Ryan Jarman of The Cribs hates being a man

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Ryan Jarman, The Cribs, holding the self-portrait he drew for LOAR. Interview by Nicole Hanratty. Photo credit: Sarah Walsh
Ryan Jarman, The Cribs, holding the self-portrait he drew for LOAR.  Interview by Nicole Hanratty.  Photo credit:  Sarah Walsh
Ryan Jarman, The Cribs, holding the self-portrait he drew for LOAR. Interview by Nicole Hanratty. Photo credit: Sarah Walsh

Interview by Nicole Hanratty
Posted June 2, 2015

Ryan Jarman from pop punk band The Cribs chats with Life of a Rockstar’s Nicole Hanratty in the media lounge at Coachella 2015. Ryan Jarman calls himself “the worst male possible,” and adds that he “hates being a man.”

When asked about the fire that the band failed to start in the opening of the “Burning for No One” music video, Ryan Jarman replied, “We’re not very practical people. I’m like a really terrible man you know. I’m like the worst male possible. I hate being a man. It kinda sucks. I’m not saying I would rather be a female either. It all just kinda sucks I suppose.”

Ryan Jarman talks about filming the band’s music video “Burning for No One,” biting pigs as well as the humble pessimistic attitude the band holds to keep themselves “hungry” and striving towards success.  The Cribs new album “For All My Sisters” is out now. He describes The Crib’s new album and sound as “old school white boy indie guitar swing” with “a lot of distortion and untrained voice which is important because everyone’s a trained singer these days and you can’t trust a trained voice.”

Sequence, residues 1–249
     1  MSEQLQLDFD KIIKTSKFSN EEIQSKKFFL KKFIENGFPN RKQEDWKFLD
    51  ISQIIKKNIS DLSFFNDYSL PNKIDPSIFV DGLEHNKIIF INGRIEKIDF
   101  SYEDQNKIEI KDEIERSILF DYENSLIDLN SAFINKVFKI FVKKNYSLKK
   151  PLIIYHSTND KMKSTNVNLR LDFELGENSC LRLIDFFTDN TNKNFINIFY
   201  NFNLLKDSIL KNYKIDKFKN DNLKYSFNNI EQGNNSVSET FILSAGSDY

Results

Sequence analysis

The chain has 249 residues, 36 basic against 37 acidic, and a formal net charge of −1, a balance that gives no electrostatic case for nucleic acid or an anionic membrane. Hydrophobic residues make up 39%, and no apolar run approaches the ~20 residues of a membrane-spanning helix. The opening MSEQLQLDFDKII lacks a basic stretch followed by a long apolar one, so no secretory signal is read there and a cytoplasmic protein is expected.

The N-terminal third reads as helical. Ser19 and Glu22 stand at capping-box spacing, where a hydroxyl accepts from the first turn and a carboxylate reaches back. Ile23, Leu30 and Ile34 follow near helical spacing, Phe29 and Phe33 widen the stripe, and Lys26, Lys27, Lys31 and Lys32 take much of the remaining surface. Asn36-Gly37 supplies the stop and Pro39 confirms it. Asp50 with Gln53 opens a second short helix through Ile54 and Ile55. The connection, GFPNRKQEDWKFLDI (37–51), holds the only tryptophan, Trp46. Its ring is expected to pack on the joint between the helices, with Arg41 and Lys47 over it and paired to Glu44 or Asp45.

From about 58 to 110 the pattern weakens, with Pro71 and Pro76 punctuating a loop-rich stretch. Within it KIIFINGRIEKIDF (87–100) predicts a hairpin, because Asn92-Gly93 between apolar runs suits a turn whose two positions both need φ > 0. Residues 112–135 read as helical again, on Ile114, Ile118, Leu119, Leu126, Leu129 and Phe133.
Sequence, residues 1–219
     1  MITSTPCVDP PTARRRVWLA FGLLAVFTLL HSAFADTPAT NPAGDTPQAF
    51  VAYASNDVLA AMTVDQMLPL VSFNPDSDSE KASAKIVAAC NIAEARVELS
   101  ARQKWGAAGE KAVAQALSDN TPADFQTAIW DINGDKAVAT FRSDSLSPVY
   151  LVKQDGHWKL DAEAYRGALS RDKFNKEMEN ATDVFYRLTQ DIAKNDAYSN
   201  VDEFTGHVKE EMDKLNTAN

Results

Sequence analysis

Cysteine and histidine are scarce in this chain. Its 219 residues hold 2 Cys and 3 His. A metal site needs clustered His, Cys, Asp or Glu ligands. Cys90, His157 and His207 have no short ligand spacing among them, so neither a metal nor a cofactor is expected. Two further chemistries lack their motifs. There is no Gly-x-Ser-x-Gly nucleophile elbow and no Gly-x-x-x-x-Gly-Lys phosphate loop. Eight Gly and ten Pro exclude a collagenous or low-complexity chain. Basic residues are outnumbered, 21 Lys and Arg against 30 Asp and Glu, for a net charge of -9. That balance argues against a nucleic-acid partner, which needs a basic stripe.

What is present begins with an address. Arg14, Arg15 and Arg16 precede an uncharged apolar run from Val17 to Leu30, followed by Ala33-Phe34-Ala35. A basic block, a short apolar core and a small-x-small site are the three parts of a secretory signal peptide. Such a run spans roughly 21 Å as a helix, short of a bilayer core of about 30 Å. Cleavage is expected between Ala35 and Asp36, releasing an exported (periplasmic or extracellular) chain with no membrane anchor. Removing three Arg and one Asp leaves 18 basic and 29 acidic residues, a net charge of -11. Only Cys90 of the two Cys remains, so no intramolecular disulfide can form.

Listen to the Ryan Jarman Interview Podcast
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The Cribs are set to play Glastonbury in June, the Reading and Leads Festival in August as well as the Pop Montreal Festival in September.  The Cribs are also playing the Music Hall of Williamsburg in Brooklyn New York September 22nd.

Frenetic unpredictable raw punk rock make up this trio band of brothers—twins Gary and Ryan Jarman—and younger brother Ross that once also included Johnny Marr (the ex-Smith) as a bandmate.  But over time and especially with the release of For All My Sisters, The Cribs have embraced a radio friendly pop balance.  

Songs on the new album like “Burning for No One” and “Different Angle” that combine pop melodies with heavier punk rock moments have a Blink 182 vibe.  Melodious without crossing the overt bubblegum pop line, The Cribs still pluck enough angst to create tangy tracks with a lovable dose of humility and self-doubt.  

THE CRIBS ON THE WEB
http://www.thecribs.com
https://www.facebook.com/thecribs
https://twitter.com/thecribs